Bulbuls are a family, Pycnonotidae, of medium-sized passerine songbirds. Many forest species are known as greenbuls. The family is distributed across most of Africa and into the Middle East, tropical Asia to Indonesia, and north as far as Japan. A few insular species occur on the tropical islands of the Indian Ocean There are about 130 species in around 24 genera. While some species are found in most habitats, overall African species are predominately found in rainforest whilst rainforest species are rare in Asia, instead preferring more open areas. The only Bulbul which occurs in Europe was spotted in the Cyclades and bears a yellow patch, being otherwise of a snuffy brown and this is possibly the bird which has got mixed up with the nightingale in Sufi, particularly Persian Sufi, poetry. [more]
The kinglets or crests are a small group of birds sometimes included in the Old World warblers, but are frequently given family status because they also resemble the titmice. The scientific name Regulidae is derived from the Latin word regulus for "petty king" or prince, and comes from the colored crowns of adult birds. This family has representatives in North America and Eurasia. There are seven species in this family; one, the Madeira Firecrest, Regulus madeirensis, was only recently split from Common Firecrest as a separate species. One species, the Ruby-crowned Kinglet, differs sufficiently in its voice and plumage to occasionally be afforded its own genus, Corthylio. [more]
The nuthatches are a genus, Sitta, of small passerine birds belonging to the family Sittidae. Characterised by large heads, short tails, and powerful bills and feet, nuthatches advertise their territory using loud, simple songs. Most species exhibit grey or bluish upperparts and a black eye stripe. [more]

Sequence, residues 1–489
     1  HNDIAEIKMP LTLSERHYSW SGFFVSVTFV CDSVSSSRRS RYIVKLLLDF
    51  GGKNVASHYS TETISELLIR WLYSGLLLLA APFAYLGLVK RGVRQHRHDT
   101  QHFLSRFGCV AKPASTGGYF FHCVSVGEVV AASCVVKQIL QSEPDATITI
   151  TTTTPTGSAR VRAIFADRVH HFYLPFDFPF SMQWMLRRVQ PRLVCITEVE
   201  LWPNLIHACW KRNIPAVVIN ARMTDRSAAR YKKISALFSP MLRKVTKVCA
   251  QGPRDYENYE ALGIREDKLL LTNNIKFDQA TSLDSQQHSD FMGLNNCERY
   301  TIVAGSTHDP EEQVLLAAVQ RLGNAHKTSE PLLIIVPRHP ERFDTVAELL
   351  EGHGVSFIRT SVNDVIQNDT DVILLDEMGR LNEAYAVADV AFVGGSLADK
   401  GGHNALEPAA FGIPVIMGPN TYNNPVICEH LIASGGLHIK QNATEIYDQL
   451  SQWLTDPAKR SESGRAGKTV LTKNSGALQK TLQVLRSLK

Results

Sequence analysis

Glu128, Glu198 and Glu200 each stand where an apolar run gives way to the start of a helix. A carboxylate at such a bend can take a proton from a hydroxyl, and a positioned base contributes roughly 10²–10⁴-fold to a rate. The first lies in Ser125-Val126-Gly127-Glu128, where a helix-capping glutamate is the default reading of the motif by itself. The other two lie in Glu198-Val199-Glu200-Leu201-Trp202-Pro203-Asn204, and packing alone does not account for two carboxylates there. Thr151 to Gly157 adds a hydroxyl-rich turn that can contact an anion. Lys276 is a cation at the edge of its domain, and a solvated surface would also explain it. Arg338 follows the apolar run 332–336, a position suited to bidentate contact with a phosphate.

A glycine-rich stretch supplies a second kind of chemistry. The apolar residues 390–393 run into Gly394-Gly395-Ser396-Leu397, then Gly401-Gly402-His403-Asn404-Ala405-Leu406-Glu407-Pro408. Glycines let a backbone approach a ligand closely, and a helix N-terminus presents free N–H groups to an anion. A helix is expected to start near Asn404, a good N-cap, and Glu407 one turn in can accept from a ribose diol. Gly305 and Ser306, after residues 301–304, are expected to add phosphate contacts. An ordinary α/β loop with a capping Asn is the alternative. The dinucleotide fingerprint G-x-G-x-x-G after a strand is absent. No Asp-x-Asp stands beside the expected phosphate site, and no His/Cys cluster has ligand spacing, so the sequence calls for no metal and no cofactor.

Starlings are small to medium-sized passerine birds in the family Sturnidae. The name "Sturnidae" comes from the Latin word for starling, sturnus. Many Asian species, particularly the larger ones, are called mynas, and many African species are known as glossy starlings because of their iridescent plumage. Starlings occur naturally in the Old World, from Europe, Asia and Africa, to northern Australia and the islands of the tropical Pacific. Several European and Asian species have been introduced to these areas as well as North America, Hawaii and New Zealand, where they generally compete for habitat with native birds and are considered to be invasive species. The starling species familiar to most people in Europe and North America is the European Starling, and throughout much of Asia and the Pacific the Common Myna is indeed common. [more]
Sylviidae is a family of passerine birds that was part of an assemblage known as the Old World warblers. The family was formerly a wastebin taxon with over 400 species of bird in over 70 genera. The family was poorly defined with many characteristics shared with other families. Advances in classification, particularly helped with molecular data, have led to the splitting out of several new families from within this group. Today the smaller family Sylviidae includes the typical warblers in the genus Sylvia, the parrotbills of Asia (formerly a separate family Paradoxornithidae), a number of babblers formerly placed within the family Timaliidae (which is itself currently being split) and the Wrentit, an unusual North American bird that has been a longstanding taxonomic mystery. [more]
The white-eyes are small passerine birds native to tropical, subtropical and temperate Sub-Saharan Africa, southern and eastern Asia, and Australasia. White-eyes inhabit most tropical islands in the Indian Ocean, the western Pacific Ocean, and the Gulf of Guinea. Discounting some widespread members of the genus Zosterops, most species are endemic to single islands or archipelagos. The Silvereye, Zosterops lateralis, naturally colonised New Zealand, where it is known as the "Wax-eye" or Tauhau ("stranger"), from 1855. The Silvereye has also been introduced to the Society Islands in French Polynesia, while the Japanese White-eye has been introduced to Hawaii. [more]
At least 306 species and subspecies belong to the Family Zosteropidae.
More info about the Family Zosteropidae may be found here.